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George Padmore Institute Building Appeal

Our Building Fundraiser is Now Closed

In November 2023, the Paul Stolper Gallery launched an exclusive online sale of the print ‘Brixton Ritzy’ 2023 with the aim of making a donation to the GPI’s building appeal from the profits. The artwork is a portrait by renowned artist Peter Doig of the legendary reggae poet and GPI Trustee Linton Kwesi Johnson. Since then, the Paul Stolper Gallery and Peter Doig have made a donation of £25,000 to the GPI from sales of the print. This donation helped us reach our goal of £35,000 to commence the first stage of urgent renovation work on our building in Finsbury Park, north London.

We extend our heartfelt gratitude to Peter Doig, who will continue to donate from future sales of the print, and the Paul Stolper Gallery. We also thank everyone who has so generously contributed to this cause. Your support is not just a donation; it's an investment in the future preservation of the knowledge and understanding of Black British history.


The George Padmore Institute (GPI) is launching an appeal for urgent building repairs to secure the Institute’s future for years to come.

Our many supporters

Many of you have a long association with the GPI — you may have attended an event or workshop, visited the archive as a researcher, worked or volunteered with us on one of our many projects, purchased one of our books or you may follow us on social media. We are so grateful for this wide network of supporters — you are all crucial to our mission of preserving and promoting the histories of Britain’s black communities of Caribbean, African and Asian descent.

Our building’s history

Since the GPI was founded as an independent charity in 1991, it has been located at 76 Stroud Green Road, London. It has also been the home of New Beacon Books since 1973. The building was donated to us by the wonderful, sorely missed Sarah White, one of New Beacon and the GPI’s co-founders and the partner of John La Rose.

Bust of John La Rose

Major building repairs

After more than fifty-five years of housing the bookshop and then the GPI, today this four-storey, nineteenth-century building requires emergency repairs. We are faced with major structural issues that are causing subsidence, leaks and cracks. The building needs to be stabilised urgently. Our staff, researchers, visitors, volunteers and New Beacon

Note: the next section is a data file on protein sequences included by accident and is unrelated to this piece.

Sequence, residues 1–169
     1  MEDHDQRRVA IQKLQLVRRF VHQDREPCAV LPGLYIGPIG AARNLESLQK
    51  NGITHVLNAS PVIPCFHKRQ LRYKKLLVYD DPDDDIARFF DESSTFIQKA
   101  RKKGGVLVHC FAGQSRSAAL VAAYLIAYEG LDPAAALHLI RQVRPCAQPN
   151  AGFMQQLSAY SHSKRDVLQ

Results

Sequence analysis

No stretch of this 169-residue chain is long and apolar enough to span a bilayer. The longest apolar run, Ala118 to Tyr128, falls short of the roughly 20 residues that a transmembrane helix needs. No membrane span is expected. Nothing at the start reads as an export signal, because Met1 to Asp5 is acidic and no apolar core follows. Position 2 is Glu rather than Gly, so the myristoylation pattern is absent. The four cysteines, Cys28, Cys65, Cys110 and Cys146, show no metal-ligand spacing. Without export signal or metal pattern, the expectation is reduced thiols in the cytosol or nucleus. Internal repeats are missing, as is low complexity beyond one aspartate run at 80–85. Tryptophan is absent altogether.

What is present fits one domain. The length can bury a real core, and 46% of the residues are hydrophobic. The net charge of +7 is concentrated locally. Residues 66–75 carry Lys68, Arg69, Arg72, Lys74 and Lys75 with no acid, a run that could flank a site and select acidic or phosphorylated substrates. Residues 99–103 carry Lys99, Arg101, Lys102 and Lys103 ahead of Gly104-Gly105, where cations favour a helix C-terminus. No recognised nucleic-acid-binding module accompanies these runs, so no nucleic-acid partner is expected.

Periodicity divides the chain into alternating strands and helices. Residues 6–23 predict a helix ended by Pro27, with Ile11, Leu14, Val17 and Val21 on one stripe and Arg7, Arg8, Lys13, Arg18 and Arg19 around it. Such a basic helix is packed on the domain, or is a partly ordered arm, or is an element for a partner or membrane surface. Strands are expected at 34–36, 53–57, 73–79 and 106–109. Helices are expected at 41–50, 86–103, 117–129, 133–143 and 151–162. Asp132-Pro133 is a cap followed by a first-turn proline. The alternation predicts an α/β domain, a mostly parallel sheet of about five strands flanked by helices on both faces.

Books need a safe space to carry out their work.

Current funding

The GPI was honoured to be named a National Portfolio Organisation by Arts Council England last year. This funding enables us to continue to welcome researchers to our archive and carry out an exciting programme of work including events and publishing children’s books. However, the grant covers a portion of our operating costs, and we continue to rely on donations to make up the remainder of the budget. With increased energy costs alongside inflation, it is more and more difficult for us to reach our funding goals. And we have no funds to carry out capital building work.

Help us secure our future and mission of preserving and promoting the histories of Britain's black communities. Help us reach our goal of £35,000!

We have already received a couple of donations totalling £3,000. Thank you so much to those very generous donors. And a big thank you to our supporters who donate on a regular basis. But we still have a way to go to reach our target!


A snapshot of the GPI’s recent achievements:

• Last year, we had 209 visits to the archive, a huge increase from 2021.

• Over 200 people attended an event hosted and curated by our trustee Linton Kwesi Johnson to commemorate the life and work of Jean ‘Binta’ Breeze. View the film of the event on our YouTube channel.

• The John La Rose Award, renamed in honour of our co-founder, awards grants to local students. We work with Haringey Council who administers the funds.

• We produced 9 short films about our archive collections; all are available to view on our YouTube channel.

• The GPI archivist Sarah Garrod is working with the Open University on accessible materials from our archive for people with learning disabilities. Find out more here.

• Recent talks and workshops have been held for the Historical Fictions Research Conference, Oral History Society, Foundation for International Education (FIE) and King’s College London among others. Find out about these and all our other events here.

• The GPI worked with researchers on Oscar-winner Steve McQueen’s Education docu-drama, part of his Golden Globe nominated Small Axe five-part anthology for the BBC. The GPI shared archive materials from the Black Education Movement and Black Supplementary Schools. The film is available to view on BBC iPlayer.

• We also worked with researchers on two other Steve McQueen documentaries: Subnormal: A British Scandal (May 2021) and the three-part Uprising (July 2021). Both are available to view on BBC iPlayer.


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